Coastguard climbdown is a 'body blow' for government – Mark Serwotka Fri, 20 May 2011 10:24:57 +0000 Continue reading ]]> 19 May 2011

Public and Commercial Services union general secretary Mark Serwotka has described the apparent climbdown over coastguard cuts as a “body blow” for the government and further evidence of what can be achieved by community campaigning.

Speaking as the union meets in Brighton for its annual conference, and a day after delegates voted to ballot a quarter of a million civil and public servants for a strike over cuts to jobs, pensions and pay, Mark said:

“This is a body blow for the government which is reeling from the force of public outrage at ill-thought out plans to slash the life-saving support that coastguards provide.

It is not yet clear what any new proposals will include and there are still battles to be won to maintain vital local services that our members provide 24 hours a day, 365 days a year. We would expect new plans to be subject to proper consultation and negotiation.

The campaign against these cuts has been inspirational and I am proud of the part our reps and members have played in it. Now is the time to keep up the pressure and show the government we remain united, strong and determined to defeat these cuts.”

]]> 0
PCS conference: A quarter of a million public servants to ballot for strike Fri, 20 May 2011 09:23:11 +0000 Continue reading ]]> 18 May 2011

More than a quarter of a million civil and public servants will ballot for a strike over cuts to pensions, jobs and pay, following an overwhelming vote at the Public and Commercial Services union annual conference.

Ballot papers will be issued from next week and the ballot will close mid-June, with the first action possible later that month. The union is working closely with education unions who are also balloting over pensions or have already voted and taken strike action, bringing the total to 750,000 union members.

Delegates speaking in the debate talked about how the coalition government’s policies are wreaking havoc on their livelihoods, their families and their communities, and pledged their commitment to campaign against all cuts.

The government’s slash and burn approach to tackling the budget deficit will throw hundreds of thousands of public sector workers out of work, impose a pay freeze on those that remain, axe vital public services, and undermine hard-won rights such as pensions and redundancy terms.

The government has already made it clear it will implement Lord Hutton’s proposals on public sector pensions, meaning civil and public servants will pay higher contributions and work longer for a lower pension.

The union wants: no detrimental changes to pensions or the civil service redundancy scheme; a strengthening of the Cabinet Office-agreed measures to avoid compulsory redundancies; and an end to the pay freeze and a fair pay rise for all.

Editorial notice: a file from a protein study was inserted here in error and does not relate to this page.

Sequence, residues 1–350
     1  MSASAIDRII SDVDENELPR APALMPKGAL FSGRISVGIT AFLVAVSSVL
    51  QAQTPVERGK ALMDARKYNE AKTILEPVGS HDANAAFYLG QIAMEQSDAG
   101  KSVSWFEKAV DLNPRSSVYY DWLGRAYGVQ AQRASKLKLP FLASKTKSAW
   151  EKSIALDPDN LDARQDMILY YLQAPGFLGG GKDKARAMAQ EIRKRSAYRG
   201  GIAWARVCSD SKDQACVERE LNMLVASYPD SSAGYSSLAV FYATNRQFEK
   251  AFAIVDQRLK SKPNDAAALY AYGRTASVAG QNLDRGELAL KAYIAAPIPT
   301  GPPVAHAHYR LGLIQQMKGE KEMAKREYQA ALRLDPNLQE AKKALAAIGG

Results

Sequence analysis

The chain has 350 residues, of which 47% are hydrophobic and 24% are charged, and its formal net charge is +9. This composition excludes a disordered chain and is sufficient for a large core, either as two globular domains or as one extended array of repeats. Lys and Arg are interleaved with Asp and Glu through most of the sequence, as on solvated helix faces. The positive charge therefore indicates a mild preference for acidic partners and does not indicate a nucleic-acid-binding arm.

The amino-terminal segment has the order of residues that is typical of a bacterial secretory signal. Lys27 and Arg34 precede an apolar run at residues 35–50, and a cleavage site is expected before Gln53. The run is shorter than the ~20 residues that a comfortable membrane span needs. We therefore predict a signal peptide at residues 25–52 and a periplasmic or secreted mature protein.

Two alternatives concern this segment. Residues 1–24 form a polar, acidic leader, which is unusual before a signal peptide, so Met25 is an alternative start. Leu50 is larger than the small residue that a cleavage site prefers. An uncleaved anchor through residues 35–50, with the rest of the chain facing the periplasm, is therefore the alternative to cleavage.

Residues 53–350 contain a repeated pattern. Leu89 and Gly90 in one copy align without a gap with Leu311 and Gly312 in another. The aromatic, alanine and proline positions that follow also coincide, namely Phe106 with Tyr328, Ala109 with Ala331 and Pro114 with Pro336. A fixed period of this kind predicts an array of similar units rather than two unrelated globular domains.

The conference agreed to: hold a national ballot in defence of jobs, pensions and pay; and continue to work with other trade unions to co-ordinate action for maximum impact.

PCS general secretary Mark Serwotka said:

“Everything we have ever worked for is under threat – but we know there is an alternative and we are committed to fighting for it and, if necessary, striking for it.

The economic crisis was not caused by our members’ jobs, pensions or pay and it is shameful and wrong that the coalition government is attempting to scapegoat them in its bid to slash and burn the welfare state.”

]]> 0
Benefit office closures 'deeply flawed' as unemployment will rise Fri, 13 May 2011 18:18:00 +0000 Continue reading ]]> 13 May 2011


The decision by Jobcentre Plus to close one fifth of its benefit processing offices and call centres has been branded “deeply flawed and dangerous” by PCS.

The announcement today that 17 benefit processing sites and five contact centres will be shut mostly within 12 months, threatening 2,400 jobs, comes at a time when hundreds of thousands public sector workers are expected to lose their jobs, with an anticipated similar knock-on effect in the private sector.

Jobcentre Plus has already cut more than 10,000 staff since 2009 and this latest decision will mean more delays in processing claims.

This comes as ministers are reviewing the jobcentre network as a whole and the union fears there is a risk they will decide to close more jobcentres, particularly in rural areas.

An Office for Budget Responsibility report prepared for the budget in March forecast unemployment will be higher throughout 2012 than it was at the beginning of this year.

Delegates to the union’s Department for Work and Pensions group conference – to be held on Monday 16 and Tuesday 17 May, before PCS’s annual conference which opens the following day – will debate an emergency motion to launch a campaign against the closures.

The first motion to be debated at PCS’s national conference calls for a national strike ballot over cuts to jobs, pay and pensions, and for the union to “work with other trade unions to co-ordinate the action for maximum impact”.

PCS general secretary Mark Serwotka said:

“This is a deeply flawed and dangerous plan that will remove vital support to jobseekers and people claiming welfare at precisely the time the government’s ideological cuts will throw more people out of work.

Instead of cutting jobs, the government should be investing in public services like these to help get people back to work more quickly and help our economy to get back on track.”